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Articles on Welsh language

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Street sign for Fford Pen Llech, said to be the world’s steepest street, with text in English and in Welsh. Approximately 20% of Wales residents are fluent in Welsh, and the goverment is striving to increase that percentage.“ Wikimedia

Protecting endangered languages feels right, but does it really help people?

Media accounts on endangered languages abound, but they don’t always explore how to materially help native speakers. Peer-reviewed research shows that such efforts don’t always have positive effects.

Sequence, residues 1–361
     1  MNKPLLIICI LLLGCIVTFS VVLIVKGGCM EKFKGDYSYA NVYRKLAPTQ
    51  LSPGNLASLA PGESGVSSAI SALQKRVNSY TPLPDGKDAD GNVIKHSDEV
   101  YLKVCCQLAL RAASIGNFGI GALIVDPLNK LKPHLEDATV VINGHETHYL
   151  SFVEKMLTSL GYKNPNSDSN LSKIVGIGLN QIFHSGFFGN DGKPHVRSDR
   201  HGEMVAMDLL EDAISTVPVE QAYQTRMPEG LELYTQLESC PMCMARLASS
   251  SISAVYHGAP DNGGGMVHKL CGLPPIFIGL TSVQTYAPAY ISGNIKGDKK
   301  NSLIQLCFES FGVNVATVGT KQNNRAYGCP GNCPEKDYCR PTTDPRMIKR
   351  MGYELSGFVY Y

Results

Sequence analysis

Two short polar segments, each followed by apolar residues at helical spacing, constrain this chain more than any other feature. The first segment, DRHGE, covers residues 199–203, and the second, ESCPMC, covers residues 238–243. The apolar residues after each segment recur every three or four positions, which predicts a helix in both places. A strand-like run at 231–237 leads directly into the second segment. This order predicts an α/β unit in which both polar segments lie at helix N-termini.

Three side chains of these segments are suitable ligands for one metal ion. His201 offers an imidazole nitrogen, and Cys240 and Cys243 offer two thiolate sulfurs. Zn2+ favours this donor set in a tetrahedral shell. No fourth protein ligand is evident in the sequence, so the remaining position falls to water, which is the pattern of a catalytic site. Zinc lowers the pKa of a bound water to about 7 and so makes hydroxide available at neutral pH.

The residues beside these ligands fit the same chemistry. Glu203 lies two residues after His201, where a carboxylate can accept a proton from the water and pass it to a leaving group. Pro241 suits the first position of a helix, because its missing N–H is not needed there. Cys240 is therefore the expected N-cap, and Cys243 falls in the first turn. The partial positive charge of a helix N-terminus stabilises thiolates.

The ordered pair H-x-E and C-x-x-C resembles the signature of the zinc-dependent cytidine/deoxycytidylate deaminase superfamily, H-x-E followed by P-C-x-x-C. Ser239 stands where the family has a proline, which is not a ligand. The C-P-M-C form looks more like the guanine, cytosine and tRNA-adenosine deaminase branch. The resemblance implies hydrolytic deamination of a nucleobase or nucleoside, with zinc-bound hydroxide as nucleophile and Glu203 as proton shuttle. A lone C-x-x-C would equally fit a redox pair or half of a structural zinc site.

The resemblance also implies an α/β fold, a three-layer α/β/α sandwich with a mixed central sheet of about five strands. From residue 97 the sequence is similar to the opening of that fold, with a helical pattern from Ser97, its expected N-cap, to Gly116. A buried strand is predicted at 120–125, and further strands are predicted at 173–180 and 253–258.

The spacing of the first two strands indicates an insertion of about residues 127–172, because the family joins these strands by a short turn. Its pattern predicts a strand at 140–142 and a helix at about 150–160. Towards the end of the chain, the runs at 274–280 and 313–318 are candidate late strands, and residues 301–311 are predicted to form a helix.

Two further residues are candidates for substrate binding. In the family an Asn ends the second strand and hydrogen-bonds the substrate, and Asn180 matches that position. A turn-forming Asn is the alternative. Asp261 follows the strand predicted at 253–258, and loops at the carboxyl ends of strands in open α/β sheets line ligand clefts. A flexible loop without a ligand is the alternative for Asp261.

The Welsh name Yr Wyddfa is now used for the mountain instead of Snowdon by the national park authority. Malgosia Janicka/Shutterstock.

Welsh place names are being erased – and so are the stories they tell

Welsh place names often reflect local legends, fauna and topography. The coining of English names to replace them has sparked an ongoing campaign to protect them.
Being bilingual can delay onset of dementia, but sometimes patients revert to their mother tongue, leaving them isolated. Shutterstock

Bilingualism and dementia: how some patients lose their second language and rediscover their first

Why the lives of bilingual dementia patients can be transformed by finding carers who speak their native language.

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